Lisa Fowler said...

I love, love, love the first line. I would read on for sure.

Rebecca LuElla Miller said...

I'd keep reading, but I was a little disoriented at first. I thought Kita was going to be the POV character. I also thought there was too much backstory in the second paragraph--telling readers things we didn't need to know yet. In addition, those lines didn't match Molly's voice. They didn't seem consistent with something the character would be telling herself.

One last thing. Italicized internal monologue is distracting to me. I mean, if this is in Molly's POV, then presumably all the internal thoughts are hers so why are certain ones singled out and put in italics?

Apart from those issues, I thought the story problem was interesting. Molly's not knowing why her sister (twin?) was coming home made me want to read more to find out. And now the mysterious message that she can't figure out where to go to pick up. The fact that she seems a little peeved that Kita went on the missionary trip in the first place adds conflict.

I think this story has promise.


Anonymous said...

I’m a fan of some sci-fi, especially the kind that takes the everyday situations I’m used to and twists them a little. I was very interested in her opening line and most of the next paragraph. I was immediately drawn to the idea of the Abraham Project/long journey picture with cross-galaxy missions work! But, I had a hard time visualizing the rest. That pulled me away from the story. But, yes, I think I would read on, to see if I could understand the technology being used and to find out a little more about these interesting sisters.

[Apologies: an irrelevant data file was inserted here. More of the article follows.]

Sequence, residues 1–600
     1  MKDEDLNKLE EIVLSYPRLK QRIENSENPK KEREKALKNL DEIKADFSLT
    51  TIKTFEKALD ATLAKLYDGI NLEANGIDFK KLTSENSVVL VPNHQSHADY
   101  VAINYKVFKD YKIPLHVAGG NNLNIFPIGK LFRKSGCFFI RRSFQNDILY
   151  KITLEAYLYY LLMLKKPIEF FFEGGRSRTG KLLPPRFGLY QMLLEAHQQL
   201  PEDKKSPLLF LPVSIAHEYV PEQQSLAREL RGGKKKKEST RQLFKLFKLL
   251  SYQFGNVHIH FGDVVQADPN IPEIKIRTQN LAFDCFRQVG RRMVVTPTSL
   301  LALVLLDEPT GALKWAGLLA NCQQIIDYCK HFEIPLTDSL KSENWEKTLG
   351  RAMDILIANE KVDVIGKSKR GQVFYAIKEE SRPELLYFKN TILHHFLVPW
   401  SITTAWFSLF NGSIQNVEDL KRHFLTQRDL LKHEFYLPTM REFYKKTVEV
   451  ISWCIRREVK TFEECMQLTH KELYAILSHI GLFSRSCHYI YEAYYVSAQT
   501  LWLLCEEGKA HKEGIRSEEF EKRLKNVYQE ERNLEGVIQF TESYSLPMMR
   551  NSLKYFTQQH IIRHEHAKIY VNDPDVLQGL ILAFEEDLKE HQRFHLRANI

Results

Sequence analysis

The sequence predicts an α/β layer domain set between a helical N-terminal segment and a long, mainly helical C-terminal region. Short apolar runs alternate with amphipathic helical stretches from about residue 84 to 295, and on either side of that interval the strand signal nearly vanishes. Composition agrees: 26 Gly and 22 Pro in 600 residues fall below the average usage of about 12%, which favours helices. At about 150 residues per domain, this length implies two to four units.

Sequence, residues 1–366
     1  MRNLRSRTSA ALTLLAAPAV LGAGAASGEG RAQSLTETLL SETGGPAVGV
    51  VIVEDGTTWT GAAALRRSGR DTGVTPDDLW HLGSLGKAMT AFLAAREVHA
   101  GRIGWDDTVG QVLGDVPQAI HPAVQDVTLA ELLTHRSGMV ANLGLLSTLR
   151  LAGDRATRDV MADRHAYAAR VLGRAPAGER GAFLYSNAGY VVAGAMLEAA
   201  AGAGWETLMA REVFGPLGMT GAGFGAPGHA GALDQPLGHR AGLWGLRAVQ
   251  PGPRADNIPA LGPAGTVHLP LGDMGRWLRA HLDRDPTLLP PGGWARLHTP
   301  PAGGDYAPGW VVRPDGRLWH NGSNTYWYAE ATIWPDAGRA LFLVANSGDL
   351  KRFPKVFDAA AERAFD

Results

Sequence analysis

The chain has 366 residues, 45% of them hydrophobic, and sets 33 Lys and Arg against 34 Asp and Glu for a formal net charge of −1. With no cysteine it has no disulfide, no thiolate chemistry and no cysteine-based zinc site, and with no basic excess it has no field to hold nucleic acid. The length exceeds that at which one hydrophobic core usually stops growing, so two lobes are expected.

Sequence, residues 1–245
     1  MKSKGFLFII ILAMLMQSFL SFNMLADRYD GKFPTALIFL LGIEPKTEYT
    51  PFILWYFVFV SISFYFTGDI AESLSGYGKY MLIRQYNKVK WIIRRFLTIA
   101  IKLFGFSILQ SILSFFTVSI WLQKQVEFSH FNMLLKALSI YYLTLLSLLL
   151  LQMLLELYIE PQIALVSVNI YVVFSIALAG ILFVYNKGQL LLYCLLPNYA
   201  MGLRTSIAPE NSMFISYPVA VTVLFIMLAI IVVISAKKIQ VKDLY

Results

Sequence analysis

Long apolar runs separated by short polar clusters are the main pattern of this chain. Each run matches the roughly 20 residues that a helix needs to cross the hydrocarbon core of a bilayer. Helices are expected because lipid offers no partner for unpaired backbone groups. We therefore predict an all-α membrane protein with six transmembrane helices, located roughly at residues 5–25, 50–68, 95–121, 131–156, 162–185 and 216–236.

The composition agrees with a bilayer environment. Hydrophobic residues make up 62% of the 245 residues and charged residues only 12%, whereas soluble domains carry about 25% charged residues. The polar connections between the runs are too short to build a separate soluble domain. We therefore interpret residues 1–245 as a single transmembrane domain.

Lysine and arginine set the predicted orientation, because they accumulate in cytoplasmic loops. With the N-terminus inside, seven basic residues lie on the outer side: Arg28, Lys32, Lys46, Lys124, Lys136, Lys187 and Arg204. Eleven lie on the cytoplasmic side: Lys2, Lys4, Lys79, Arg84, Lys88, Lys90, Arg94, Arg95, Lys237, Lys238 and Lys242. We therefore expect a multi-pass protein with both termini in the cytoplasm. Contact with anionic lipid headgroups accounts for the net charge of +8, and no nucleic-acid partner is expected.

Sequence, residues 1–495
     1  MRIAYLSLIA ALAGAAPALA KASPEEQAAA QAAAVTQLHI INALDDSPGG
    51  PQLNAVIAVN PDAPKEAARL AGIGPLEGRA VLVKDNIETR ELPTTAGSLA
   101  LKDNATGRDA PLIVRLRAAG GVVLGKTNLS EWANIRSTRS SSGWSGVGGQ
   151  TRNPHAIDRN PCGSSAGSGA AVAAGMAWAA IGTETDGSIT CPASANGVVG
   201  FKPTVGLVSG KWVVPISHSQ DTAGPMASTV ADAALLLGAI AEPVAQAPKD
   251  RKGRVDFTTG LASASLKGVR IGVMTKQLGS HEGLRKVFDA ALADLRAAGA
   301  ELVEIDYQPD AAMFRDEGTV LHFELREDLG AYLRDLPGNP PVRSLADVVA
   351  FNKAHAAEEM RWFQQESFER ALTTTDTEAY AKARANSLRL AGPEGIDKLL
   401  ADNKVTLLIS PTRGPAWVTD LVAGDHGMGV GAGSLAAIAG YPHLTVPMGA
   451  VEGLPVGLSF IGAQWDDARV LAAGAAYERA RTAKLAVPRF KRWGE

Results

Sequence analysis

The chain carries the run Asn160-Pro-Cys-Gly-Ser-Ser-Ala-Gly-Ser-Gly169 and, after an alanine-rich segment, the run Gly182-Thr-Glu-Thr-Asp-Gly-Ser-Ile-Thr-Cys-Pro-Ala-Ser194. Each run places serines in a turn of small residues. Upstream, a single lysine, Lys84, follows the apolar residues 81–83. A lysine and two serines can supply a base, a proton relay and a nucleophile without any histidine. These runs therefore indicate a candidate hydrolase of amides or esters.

Amy Young said...

I would

sally apokedak said...

I liked it a lot, but the first two paragraphs threw me.

What if you did something like this:

Molly rushed through the crowded transportation station, gooseflesh rippling across her arms. Kita, her sister, wasn't supposed to ever come home. So what had gone wrong?

Kita had left seven years earlier on an Abraham Project—a missionary pilgrimage--six-hundred light years away. It had been a life-time commitment, supposedly. But Molly's morning telecom message said Kita needed help getting home.

I suggest those changes for the following reasons:

1) we know right away that Molly is the POV character.
2) if she's ignoring the goose-flesh then why would she, the narrator, be telling us about it--she's obviously aware of it, not ignoring it.
3) added back in the line to tell the reader that kita wasn't supposed to come home, since I took that line away from the beginning of the story
4) changed "ago" to "ealier" because we aren't reading in present tense so it wasn't seven years ago to us, it was seven years earlier than the time Molly was in when the story took place.
5) added "had" to "Kita had left" and "it had been a lifetime commitment" and added "Molly's morning telecom message" to differentiate between the backstory info and the present day info.

Take or leave my suggestions. I simply think that when you start in a strange world, the more clearly you write, the easier you make it for your reader to stay with you.

I would definitely read on to find out why Kita is coming home and I love the hint of conflict between the twins and their ideas about how to serve God and others.